Isotopic and geochemical evolution of ground and surface waters in a karst dominated geological setting: A case study from Belize, Central America, 2004, Marfia A. M. , Krishnamurthy R. V. , Atekwana E. A. , Panton W. F. ,
Analysis of stable isotopes and major ions in groundwater and surface waters in Belize, Central America was carried out to identify processes that may affect drinking water quality. Belize has a subtropical rainforest/savannah climate with a varied landscape composed predominantly of carbonate rocks and clastic sediments. Stable oxygen (delta(18)O) and hydrogen (deltaD) isotope ratios for surface and groundwater have a similar range and show high d-excess (10-40.8parts per thousand). The high d-excess in water samples suggest secondary continental vapor flux mixing with incoming vapor from the Caribbean Sea. Model calculations indicate that moisture derived from continental evaporation contributes 13% to overhead vapor load. In surface and groundwater, concentrations of dissolved inorganic carbon (DIC) ranged from 5.4 to 112.9 mg C/l and delta(13)C(DIC) ranged from -7.4 to -17.4parts per thousand. SO42, Ca2 and Mg2 in the water samples ranged from 2-163, 2-6593 and 2-90 mg/l, respectively. The DIC and delta(13)C(DIC) indicate both open and closed system carbonate evolution. Combined delta(13)C(DIC) and Ca2, Mg2 SO42- suggest additional groundwater evolution by gypsum dissolution and calcite precipitation. The high SO42- content of some water samples indicates regional geologic control on water quality. Similarity in the range of delta(18)O, deltaD and delta(13)C(DIC) for surface waters and groundwater used for drinking water supply is probably due to high hydraulic conductivities of the karstic aquifers. The results of this study indicate rapid recharge of groundwater aquifers, groundwater influence on surface water chemistry and the potential of surface water to impact groundwater quality and vise versa. (C) 2003 Elsevier Ltd. All rights reserved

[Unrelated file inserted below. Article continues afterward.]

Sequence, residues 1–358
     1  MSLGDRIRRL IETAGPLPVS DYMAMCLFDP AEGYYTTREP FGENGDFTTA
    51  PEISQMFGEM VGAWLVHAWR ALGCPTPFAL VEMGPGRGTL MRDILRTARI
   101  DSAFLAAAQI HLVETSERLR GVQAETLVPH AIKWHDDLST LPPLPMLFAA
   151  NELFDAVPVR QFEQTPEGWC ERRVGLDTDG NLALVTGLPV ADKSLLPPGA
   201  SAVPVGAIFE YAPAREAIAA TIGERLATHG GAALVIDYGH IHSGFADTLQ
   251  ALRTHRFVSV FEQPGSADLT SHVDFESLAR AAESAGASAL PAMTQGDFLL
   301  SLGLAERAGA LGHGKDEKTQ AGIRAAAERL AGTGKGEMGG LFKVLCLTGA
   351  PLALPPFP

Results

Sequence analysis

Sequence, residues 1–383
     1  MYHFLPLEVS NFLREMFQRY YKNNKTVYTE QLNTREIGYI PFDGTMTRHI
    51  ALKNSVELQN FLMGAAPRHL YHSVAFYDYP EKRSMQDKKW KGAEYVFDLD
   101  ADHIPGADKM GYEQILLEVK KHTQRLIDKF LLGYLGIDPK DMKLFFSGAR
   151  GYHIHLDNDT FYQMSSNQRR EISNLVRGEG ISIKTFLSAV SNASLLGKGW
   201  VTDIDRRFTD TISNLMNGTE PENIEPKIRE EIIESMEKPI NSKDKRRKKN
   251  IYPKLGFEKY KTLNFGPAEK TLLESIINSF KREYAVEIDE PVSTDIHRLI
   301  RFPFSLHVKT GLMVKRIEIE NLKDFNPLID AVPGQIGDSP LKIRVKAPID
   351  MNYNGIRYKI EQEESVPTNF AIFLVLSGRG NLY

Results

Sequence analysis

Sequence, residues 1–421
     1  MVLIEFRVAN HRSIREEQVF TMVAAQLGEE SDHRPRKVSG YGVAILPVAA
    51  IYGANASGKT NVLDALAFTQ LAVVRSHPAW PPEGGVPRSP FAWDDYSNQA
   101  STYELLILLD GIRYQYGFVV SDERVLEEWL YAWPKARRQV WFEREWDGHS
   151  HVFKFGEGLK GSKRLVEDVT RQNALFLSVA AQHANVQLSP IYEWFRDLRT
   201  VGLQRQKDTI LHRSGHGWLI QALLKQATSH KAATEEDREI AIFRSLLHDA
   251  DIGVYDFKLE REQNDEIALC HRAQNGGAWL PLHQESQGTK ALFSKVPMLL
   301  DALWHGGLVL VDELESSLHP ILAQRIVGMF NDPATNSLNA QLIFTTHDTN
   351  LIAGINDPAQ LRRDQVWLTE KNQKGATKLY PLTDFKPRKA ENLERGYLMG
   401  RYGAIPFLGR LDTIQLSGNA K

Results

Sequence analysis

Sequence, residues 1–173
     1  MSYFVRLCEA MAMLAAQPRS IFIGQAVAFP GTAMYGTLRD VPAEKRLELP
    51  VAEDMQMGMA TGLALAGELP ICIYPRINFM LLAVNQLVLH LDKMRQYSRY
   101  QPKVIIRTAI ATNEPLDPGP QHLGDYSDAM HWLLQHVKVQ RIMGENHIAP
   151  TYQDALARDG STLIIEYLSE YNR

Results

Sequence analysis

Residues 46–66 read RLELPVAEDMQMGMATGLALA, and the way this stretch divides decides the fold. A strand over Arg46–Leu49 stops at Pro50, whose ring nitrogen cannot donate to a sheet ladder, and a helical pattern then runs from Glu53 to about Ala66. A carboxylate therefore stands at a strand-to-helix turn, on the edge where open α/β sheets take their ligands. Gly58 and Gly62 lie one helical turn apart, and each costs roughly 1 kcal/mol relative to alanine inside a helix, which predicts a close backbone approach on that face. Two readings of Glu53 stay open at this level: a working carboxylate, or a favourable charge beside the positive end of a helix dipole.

Evolution spatio-temporelle du chimisme des eaux thermominrales des monts de la Cheffia (nord-est algrien), 2006, Alayat Hacne, Lamouroux Christian
Spatio-temporal chemical evolution of thermo-mineral springs in Monts of Cheffia (north-east of Algeria) - The Mounts of Cheffia, located at the extreme Algerian north-east, are the seat of thermomineral springs. The most visited by the curists are Hammam Sidi Trad, Zatout and Beni Salah. The others are forsaken for lack of arranged accesses. The preliminary results of the study of water of these griffons are presented in this note. The first analyses, of which we are informed, go up at 1968. The data collected (2001, 2002) allowed the physicochemical characterization of water, illustrated by their projection on the diagram of Piper and by the statistical analysis. We could identify several chemical facies and distinguish two groups of griffons:One characterizes unsalted water or not very mineral-bearing and with odor of hydrogen sulphide represented by Sidi Trad. The other characterizes salted water, rich in bicarbonate and out of dissolved CO2.